India Inc arrives overseas
India Inc's new confidence is overriding and its pockets deep. It has shopped far and wide for auto industries in Korea and Sweden, software companies in the United States and the United Kingdom, metal and mining units in Bulgaria and Singapore, and an array of oil fields from Sudan to Brazil, writes Vipul Mudgal.india Updated: Sep 04, 2006 03:06 IST
When Suzlon, a first generation Indian energy company, paid over half a billion dollars to acquire Hansen Transmissions of Belgium (HTB) early this year, its decision was driven by raw ambition rather than bottom-line logic.
The low profile Indian company was setting its sights on global leadership in the nascent green energy business. HTB is a global leader in new generation wind turbines/ gearboxes, and according to a FICCI study, the acquisition gives Suzlon a toehold into cutting edge R&D of this hi-tech sector.
Today, Suzlon’s global team in four continents is making electricity out of thin air in Minnesota and Jaisalmer. It is among the world’s top ten green power companies.
Another trendsetter, Tata Tea, was looking for nothing short of global domination in the tea market when it acquired UK’s Tetley, twice its size, in 2000. Ditto for Ranbaxy, which acquired RPG Aventis to join the top league of European generic drug makers or Wipro, which picked up Austrian semi-conductor design company, NewLogic, to enter the global design services market.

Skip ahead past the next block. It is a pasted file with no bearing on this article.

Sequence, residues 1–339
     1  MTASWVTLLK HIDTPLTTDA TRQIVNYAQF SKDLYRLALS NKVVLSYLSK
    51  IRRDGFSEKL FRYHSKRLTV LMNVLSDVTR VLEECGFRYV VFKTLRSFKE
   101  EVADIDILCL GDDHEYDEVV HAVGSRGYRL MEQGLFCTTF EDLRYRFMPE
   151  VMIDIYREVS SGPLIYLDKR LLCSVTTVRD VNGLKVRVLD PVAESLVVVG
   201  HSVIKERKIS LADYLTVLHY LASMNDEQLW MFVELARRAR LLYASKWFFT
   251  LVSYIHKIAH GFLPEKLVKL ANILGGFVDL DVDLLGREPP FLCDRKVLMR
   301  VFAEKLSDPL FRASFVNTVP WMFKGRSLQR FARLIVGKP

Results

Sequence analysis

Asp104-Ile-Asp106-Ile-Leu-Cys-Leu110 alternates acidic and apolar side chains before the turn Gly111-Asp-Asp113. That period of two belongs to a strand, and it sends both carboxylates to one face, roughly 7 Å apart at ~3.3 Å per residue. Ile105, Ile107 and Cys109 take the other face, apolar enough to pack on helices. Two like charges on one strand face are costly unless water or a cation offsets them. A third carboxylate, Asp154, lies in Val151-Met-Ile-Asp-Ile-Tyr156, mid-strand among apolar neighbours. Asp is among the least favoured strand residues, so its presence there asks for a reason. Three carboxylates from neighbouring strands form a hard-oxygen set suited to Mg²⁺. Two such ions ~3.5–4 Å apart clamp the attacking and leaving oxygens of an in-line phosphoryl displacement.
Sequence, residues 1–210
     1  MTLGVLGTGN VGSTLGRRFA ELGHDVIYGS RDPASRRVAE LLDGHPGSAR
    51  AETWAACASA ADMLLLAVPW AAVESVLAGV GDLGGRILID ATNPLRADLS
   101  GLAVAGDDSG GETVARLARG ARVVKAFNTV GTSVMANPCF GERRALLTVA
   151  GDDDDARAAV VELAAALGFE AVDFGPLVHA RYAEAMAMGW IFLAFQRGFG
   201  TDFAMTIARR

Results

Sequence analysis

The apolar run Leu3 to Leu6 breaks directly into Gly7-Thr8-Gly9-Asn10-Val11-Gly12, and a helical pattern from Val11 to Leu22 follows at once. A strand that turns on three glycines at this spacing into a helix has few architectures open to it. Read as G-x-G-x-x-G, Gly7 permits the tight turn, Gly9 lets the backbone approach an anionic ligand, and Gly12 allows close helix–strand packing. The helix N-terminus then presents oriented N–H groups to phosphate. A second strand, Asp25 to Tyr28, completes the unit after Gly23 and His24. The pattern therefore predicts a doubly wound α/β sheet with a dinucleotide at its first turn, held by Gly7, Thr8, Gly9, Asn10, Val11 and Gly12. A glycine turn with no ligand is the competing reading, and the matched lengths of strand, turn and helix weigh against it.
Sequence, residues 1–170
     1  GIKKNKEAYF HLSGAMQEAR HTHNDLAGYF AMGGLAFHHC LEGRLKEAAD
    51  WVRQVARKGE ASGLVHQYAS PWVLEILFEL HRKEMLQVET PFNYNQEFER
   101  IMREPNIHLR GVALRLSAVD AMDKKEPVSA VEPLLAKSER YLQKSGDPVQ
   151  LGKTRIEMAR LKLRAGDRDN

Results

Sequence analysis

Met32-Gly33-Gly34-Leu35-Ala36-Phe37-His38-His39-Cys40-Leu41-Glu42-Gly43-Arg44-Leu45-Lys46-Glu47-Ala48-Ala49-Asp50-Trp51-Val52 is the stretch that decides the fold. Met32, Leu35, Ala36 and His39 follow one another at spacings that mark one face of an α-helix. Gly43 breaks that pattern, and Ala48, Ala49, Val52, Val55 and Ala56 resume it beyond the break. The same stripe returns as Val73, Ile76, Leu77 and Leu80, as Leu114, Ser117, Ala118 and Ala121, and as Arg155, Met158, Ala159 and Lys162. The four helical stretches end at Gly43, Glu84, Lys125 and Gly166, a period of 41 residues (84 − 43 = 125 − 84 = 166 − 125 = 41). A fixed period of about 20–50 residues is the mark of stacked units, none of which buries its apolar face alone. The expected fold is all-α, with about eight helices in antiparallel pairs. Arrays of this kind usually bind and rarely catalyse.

India Inc’s new confidence is overriding and its pockets deep. It has shopped far and wide for auto industries in Korea and Sweden, software companies in the US and UK, metal and mining units in Bulgaria and Singapore, and an array of oil fields from Sudan to Brazil.
In 2005, when the government lifted the $100 mn cap on Mergers and Acquisitions (M&As) abroad, corporate India acquired stakes in 104 companies for more than $3.5 bn, according to a 2006 study by Mape Advisory Group. In 2004, it had picked up 46 companies abroad for $2 bn. The new policy allows Indian companies to invest up to 200 per cent of their net worth abroad annually.
In the first half of 2006, India Inc has picked up 76 companies for $5.2 bn, clocking $1.5 bn in June, 06 alone. Total acquisition from January 2000 to July 2006 is $10 bn, according to the FICCI study. It is heartening to see that Indian companies have enough confidence to set up Greenfield power and steel projects in China, Bangladesh and Bolivia.
The new and growing confidence is reflected in the rising average size of acquisitions. From $32 mn in 2004 it rose to $47 mn in 2005 and is already at $68 mn in 2006 so far. Among the most aggressive buyers are leading public sector units, such as ONGC and GAIL. Even the SBI is shedding the old, slothful image to acquire stakes in banks and finance companies abroad.
It is well acknowledged that overseas acquisitions provide access to technology, knowledge and new markets when things go well. It boosts the buyers’ size and scale of operations and gives them ownership of well-known brands. It is a good way to access global natural resources such as oil, gas, metals and minerals.
But what happens when the going is not so good? Is India Inc prepared for the risks involved? The landscape of overseas risk-reward businesses is fraught with legal problems, cultural differences, financial mismatch, internal disturbances and even criminal threats.
But for now, India Inc looks happy taking measured risks to reap its rewards in the global playing field.